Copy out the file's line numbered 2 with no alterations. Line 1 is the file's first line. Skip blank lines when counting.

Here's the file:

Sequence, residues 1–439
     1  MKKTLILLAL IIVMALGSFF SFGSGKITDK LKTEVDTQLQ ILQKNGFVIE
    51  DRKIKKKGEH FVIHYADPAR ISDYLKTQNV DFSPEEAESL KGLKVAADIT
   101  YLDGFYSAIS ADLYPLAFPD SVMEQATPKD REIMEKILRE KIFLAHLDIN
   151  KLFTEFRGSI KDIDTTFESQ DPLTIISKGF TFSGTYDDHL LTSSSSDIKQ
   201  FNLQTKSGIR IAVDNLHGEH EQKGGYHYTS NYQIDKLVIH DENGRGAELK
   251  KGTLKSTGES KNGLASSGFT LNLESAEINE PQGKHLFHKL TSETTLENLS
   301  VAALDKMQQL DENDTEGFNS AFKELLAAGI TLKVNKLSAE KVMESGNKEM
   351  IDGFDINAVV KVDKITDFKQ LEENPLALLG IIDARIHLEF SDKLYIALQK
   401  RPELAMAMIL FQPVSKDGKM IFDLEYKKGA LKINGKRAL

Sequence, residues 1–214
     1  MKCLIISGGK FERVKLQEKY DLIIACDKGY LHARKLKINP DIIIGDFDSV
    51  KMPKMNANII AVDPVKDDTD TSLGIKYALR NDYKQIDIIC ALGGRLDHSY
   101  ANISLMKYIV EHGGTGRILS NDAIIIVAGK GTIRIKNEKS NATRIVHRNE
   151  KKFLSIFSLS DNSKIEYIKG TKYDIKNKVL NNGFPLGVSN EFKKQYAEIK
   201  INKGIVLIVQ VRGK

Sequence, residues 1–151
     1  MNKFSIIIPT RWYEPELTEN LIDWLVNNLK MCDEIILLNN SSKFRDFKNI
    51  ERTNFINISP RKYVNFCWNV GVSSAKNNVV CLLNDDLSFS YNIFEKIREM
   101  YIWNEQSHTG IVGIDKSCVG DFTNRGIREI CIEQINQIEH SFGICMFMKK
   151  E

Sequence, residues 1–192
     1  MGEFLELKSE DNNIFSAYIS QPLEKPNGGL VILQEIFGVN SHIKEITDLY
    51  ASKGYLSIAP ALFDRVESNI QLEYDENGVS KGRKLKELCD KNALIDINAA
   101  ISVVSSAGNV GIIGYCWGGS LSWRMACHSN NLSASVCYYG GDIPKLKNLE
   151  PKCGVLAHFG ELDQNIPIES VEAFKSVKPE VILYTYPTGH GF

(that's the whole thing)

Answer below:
     1  MKKTLILLAL IIVMALGSFF SFGSGKITDK LKTEVDTQLQ ILQKNGFVIE